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Winnipeg School Division takes action to increase student attendance

January 25, 2024 News Story
Students in hall

In a dedicated effort to boost student attendance and help with a smoother path to graduation, Winnipeg School Division is taking proactive steps to support student success.

WSD recently announced that it is piloting no-fee lunch supervision programs as well as experimenting with late start or early dismissal times in some of its schools. 

Superintendent Matt Henderson, in a letter to families, emphasized that the strategic, once-a-week schedule adjustment is designed to allow staff to engage with students and their families. The goal is to initiate meaningful discussions about the importance of school and how together we can work to make schools “sticky” places to learn and grow.

This initiative is not only about addressing attendance challenges, it's about making sure all students feel welcome and supported both academically and with their overall well-being.


"Principals and vice-principals of our high schools have been working together to make our schools sticky – creating schools that kids want to attend and where they want to stay beyond the regular school day,” says Henderson. “Our focus is on ensuring all our learners feel they belong, are known deeply by multiple adults in their school and that they can contribute to creating a powerful school community.”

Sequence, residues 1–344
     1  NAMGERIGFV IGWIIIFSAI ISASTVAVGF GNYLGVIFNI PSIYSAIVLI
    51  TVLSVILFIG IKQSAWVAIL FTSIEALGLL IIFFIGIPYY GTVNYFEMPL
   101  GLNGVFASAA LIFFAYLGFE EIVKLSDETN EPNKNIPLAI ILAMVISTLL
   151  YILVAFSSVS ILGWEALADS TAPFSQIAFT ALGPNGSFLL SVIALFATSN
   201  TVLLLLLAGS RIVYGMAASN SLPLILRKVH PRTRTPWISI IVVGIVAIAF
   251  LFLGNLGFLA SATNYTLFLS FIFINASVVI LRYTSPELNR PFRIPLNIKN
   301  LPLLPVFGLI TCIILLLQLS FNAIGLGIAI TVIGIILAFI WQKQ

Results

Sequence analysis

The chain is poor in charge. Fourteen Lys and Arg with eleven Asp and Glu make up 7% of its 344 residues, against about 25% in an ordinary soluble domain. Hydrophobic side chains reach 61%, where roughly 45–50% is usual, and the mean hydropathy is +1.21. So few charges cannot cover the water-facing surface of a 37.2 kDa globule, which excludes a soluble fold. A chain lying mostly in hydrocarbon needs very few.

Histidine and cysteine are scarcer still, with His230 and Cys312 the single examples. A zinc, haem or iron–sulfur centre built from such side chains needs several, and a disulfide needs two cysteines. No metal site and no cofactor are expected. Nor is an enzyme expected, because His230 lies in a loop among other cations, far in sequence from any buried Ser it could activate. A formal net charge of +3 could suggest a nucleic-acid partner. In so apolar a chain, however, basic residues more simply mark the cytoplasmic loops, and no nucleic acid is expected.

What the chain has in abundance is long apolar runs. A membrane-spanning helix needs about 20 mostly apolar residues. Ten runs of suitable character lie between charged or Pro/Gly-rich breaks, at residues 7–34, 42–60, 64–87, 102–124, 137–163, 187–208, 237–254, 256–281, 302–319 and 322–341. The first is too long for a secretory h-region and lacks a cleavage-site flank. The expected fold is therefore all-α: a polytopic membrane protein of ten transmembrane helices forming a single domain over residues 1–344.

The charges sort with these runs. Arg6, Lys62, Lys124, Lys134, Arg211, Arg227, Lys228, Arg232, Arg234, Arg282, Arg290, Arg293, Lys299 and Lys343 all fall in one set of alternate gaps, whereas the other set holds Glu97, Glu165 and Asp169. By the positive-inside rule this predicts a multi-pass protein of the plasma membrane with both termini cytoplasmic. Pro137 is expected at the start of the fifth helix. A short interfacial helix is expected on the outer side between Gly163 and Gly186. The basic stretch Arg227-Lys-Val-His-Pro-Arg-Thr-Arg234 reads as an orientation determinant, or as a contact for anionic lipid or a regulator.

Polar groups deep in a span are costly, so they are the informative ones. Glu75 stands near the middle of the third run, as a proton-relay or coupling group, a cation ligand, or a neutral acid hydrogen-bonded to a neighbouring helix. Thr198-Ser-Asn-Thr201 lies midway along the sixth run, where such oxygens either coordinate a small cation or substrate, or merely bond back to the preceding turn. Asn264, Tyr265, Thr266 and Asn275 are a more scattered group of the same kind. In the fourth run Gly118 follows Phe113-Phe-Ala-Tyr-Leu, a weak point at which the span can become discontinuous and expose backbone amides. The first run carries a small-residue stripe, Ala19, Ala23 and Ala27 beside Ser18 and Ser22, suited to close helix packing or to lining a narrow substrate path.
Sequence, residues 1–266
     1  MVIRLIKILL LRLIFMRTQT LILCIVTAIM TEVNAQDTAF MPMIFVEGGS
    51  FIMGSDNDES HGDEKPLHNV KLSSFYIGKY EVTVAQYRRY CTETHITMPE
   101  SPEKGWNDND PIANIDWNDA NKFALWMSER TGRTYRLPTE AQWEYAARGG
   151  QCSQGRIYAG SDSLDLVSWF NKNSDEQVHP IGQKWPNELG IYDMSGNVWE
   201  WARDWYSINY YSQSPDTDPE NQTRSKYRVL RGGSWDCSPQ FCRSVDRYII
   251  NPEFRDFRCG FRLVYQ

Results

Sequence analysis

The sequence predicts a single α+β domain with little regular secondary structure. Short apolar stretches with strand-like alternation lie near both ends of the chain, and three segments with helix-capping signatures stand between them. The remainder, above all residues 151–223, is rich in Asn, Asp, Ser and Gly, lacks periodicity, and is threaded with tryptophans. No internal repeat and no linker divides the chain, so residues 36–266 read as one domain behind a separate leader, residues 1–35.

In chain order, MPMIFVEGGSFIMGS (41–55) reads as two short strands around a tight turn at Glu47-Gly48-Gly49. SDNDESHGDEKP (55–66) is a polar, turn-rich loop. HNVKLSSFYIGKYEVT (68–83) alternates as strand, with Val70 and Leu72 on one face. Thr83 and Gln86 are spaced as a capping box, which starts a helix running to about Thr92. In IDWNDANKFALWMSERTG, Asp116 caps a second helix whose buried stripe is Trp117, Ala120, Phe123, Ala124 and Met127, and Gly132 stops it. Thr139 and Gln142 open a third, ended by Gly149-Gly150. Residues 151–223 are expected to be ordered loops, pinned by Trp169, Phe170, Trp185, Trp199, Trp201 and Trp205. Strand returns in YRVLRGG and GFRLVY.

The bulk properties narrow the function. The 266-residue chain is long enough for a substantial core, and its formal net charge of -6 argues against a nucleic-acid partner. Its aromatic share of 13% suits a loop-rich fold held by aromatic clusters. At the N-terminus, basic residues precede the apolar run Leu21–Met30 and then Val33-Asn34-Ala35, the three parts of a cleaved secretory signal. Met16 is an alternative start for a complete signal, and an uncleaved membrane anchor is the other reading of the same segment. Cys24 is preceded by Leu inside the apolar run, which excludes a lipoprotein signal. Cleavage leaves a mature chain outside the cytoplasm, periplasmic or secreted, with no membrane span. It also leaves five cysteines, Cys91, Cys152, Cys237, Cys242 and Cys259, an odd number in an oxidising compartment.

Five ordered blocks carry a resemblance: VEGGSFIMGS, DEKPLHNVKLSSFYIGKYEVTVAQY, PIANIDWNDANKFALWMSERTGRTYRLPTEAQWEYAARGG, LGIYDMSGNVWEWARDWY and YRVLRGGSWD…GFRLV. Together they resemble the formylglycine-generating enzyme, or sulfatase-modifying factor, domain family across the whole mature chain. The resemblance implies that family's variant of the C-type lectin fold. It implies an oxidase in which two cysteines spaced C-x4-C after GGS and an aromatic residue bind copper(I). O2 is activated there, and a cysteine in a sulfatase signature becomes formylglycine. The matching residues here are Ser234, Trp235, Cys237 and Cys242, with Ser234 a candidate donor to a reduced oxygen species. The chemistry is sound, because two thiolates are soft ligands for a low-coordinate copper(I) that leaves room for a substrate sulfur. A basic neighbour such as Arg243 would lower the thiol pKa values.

WSD understands there may be many reasons a student may not be coming to school and is working with community organizations and extending support to families facing socio-economic barriers. 


This initiative highlights the importance of collaboration among teachers, students, families, and the wider community to not only improving academic outcomes but also to shaping each student’s overall future. 

“While schools can’t do everything, they can do some things well,” adds Henderson. “This means we must ask all the adults in our schools to focus on getting kids back to school on a regular schedule because it is critical to the lives of kids who are struggling and helps us create just and sustainable societies.”

To make up for the loss of an hour per week, June exams will be pushed back to add instructional days to the calendar which means children will receive the same amount of, if not more, instructional time.


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